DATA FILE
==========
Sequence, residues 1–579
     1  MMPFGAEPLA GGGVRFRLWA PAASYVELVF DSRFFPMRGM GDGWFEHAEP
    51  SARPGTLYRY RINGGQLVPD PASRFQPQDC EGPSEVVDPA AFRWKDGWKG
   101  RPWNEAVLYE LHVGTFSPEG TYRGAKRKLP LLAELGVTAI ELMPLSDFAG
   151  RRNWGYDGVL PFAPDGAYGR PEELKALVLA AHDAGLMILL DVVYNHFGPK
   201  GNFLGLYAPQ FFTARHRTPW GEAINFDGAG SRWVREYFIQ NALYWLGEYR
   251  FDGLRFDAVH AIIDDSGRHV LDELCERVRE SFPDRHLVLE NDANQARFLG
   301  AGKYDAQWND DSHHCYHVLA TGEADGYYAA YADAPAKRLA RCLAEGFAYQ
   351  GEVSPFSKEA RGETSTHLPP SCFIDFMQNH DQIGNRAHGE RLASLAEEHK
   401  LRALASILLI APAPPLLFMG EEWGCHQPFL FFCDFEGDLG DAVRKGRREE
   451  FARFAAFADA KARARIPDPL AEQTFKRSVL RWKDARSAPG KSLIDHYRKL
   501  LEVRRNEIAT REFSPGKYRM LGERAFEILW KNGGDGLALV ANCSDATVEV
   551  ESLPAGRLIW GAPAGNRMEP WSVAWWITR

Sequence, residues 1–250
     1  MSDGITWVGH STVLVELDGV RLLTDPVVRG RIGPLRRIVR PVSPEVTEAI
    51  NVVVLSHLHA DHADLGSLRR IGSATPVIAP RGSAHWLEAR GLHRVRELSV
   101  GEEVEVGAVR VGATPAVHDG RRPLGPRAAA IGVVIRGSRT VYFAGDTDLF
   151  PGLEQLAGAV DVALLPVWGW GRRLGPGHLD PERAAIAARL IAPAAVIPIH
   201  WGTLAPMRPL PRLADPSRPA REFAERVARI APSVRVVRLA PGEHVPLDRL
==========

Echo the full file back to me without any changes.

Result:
Sequence, residues 1–579
     1  MMPFGAEPLA GGGVRFRLWA PAASYVELVF DSRFFPMRGM GDGWFEHAEP
    51  SARPGTLYRY RINGGQLVPD PASRFQPQDC EGPSEVVDPA AFRWKDGWKG
   101  RPWNEAVLYE LHVGTFSPEG TYRGAKRKLP LLAELGVTAI ELMPLSDFAG
   151  RRNWGYDGVL PFAPDGAYGR PEELKALVLA AHDAGLMILL DVVYNHFGPK
   201  GNFLGLYAPQ FFTARHRTPW GEAINFDGAG SRWVREYFIQ NALYWLGEYR
   251  FDGLRFDAVH AIIDDSGRHV LDELCERVRE SFPDRHLVLE NDANQARFLG
   301  AGKYDAQWND DSHHCYHVLA TGEADGYYAA YADAPAKRLA RCLAEGFAYQ
   351  GEVSPFSKEA RGETSTHLPP SCFIDFMQNH DQIGNRAHGE RLASLAEEHK
   401  LRALASILLI APAPPLLFMG EEWGCHQPFL FFCDFEGDLG DAVRKGRREE
   451  FARFAAFADA KARARIPDPL AEQTFKRSVL RWKDARSAPG KSLIDHYRKL
   501  LEVRRNEIAT REFSPGKYRM LGERAFEILW KNGGDGLALV ANCSDATVEV
   551  ESLPAGRLIW GAPAGNRMEP WSVAWWITR

Sequence, residues 1–250
     1  MSDGITWVGH STVLVELDGV RLLTDPVVRG RIGPLRRIVR PVSPEVTEAI
    51  NVVVLSHLHA DHADLGSLRR IGSATPVIAP RGSAHWLEAR GLHRVRELSV
   101  GEEVEVGAVR VGATPAVHDG RRPLGPRAAA IGVVIRGSRT VYFAGDTDLF
   151  PGLEQLAGAV DVALLPVWGW GRRLGPGHLD PERAAIAARL IAPAAVIPIH
   201  WGTLAPMRPL PRLADPSRPA REFAERVARI APSVRVVRLA PGEHVPLDRL